Data Analytics – Enough Talk, How do I Get Started?

By Danzel Pinto and Eric Au

Associations have always had the challenge of doing more with less, and while COVID-19 has altered the way they’re operating, the age-old question remains: With less dollars, resources and time, how can associations be agile and plan for continuity? What you may not know is you have a great resource already at your disposal, and its name is data analytics.

Data analytics is the ability to draw insights from data, and most organizations are already performing it in some form or another – whether that be analyzing finances or examining their membership base. Understanding how to get started with data analytics can be overwhelming, but we’ve found associations have benefited most when looking to determine key traits of members, create targeted campaigns, understand new revenue options or determine retention strategies. Data analysis might give you comfort in a notion, or it might challenge your approach. Either way – data analytics can be scalable to your time, resources and objectives such that you can get some benefit for your association. So how can you get started?

  1. Determine your objective.

Most organizations focus on the data first instead of the objective. Setting a clear objective to guide your journey will help you understand when you’ve reached your goal, as well as the time and cost it may take to reach it. Aim to understand what you’re looking for and how it can tie back to your business objectives. Are you looking to:

Better understand your members? By determining key traits of highly involved members you can create campaigns that target new members with these traits.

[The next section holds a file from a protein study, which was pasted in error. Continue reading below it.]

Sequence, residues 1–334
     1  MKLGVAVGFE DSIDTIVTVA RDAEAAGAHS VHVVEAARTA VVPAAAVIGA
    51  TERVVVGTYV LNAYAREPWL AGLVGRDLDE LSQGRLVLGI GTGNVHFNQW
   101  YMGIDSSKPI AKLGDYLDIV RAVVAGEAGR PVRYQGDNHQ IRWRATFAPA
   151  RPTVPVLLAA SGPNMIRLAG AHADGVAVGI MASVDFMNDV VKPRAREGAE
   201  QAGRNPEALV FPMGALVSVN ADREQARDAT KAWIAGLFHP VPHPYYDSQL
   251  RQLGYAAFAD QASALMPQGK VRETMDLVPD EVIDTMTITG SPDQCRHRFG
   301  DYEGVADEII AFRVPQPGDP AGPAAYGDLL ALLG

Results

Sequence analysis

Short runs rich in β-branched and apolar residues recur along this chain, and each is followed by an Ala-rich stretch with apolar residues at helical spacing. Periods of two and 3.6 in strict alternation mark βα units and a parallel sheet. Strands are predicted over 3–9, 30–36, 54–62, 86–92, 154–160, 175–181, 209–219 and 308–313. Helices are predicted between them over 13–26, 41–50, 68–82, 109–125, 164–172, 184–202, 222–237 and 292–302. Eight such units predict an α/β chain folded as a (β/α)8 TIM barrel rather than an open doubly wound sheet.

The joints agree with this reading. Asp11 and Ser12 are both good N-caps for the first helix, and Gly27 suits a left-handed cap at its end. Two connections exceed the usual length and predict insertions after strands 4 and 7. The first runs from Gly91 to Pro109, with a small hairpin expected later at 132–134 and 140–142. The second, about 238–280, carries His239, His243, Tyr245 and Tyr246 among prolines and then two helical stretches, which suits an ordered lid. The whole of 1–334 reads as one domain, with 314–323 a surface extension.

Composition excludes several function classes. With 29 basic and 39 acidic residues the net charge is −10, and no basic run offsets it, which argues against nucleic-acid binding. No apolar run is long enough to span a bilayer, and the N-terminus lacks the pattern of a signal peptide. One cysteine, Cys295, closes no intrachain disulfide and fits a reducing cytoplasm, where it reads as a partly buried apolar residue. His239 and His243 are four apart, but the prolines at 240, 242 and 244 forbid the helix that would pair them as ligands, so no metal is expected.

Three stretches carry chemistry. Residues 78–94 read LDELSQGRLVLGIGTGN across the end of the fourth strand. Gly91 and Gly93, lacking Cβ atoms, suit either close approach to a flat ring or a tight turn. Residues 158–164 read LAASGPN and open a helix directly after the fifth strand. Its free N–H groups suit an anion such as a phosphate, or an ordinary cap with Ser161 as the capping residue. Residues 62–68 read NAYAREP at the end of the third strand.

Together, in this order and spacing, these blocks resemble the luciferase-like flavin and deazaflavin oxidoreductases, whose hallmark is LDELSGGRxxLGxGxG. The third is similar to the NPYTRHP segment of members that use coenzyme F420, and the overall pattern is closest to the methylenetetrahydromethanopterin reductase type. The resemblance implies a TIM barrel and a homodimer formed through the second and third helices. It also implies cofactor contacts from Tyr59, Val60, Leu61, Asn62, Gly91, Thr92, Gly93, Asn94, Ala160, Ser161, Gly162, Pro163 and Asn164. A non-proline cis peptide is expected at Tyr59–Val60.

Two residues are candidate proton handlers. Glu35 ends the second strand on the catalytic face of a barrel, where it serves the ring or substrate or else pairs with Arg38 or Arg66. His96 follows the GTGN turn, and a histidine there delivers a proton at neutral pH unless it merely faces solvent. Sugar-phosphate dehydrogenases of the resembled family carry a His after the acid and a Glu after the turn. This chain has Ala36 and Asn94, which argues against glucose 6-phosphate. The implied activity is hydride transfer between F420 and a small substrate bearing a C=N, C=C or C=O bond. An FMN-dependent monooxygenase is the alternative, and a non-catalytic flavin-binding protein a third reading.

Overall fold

Determine trends in fees? How can this information be utilized to target individuals for retention?

Proactively understand your financials? Gaining clear insight into where your funds are going will give light to areas becoming increasingly costly and identify areas where your organization could cut back.

If you happen to not have the data to complete your objective, that may be an indicator that you should consider collecting that data, which can be completed by adding a question to required forms or sending out a survey.

  • Determine your data set.

Internal data is data that can be found throughout your organization, and may include membership databases, financial reporting information, or registration data for events. When selecting your data, try and think outside the box. What other internal data do you have access to that could support your objective?

Beyond your internal data, you can also incorporate external data, such as from Statistics Canada or other associations collecting data for use. Combined with your internal data, this can provide you new insights into your data.

  • Clean your data.

Very often, the data collected by organizations is filled with mistakes, errors and incomplete values. This “dirty data” needs to be scrubbed – and while this is a very tedious and meticulous task – it is necessary to ensure accuracy in the analysis. Be sure to:

Complete data normalization: Ensure each item is described and spelt the same way. Devote some time to removing acronyms and correcting spelling errors.

Focus on format: Ensure your dates, subtotals, blank rows and columns are correctly displayed.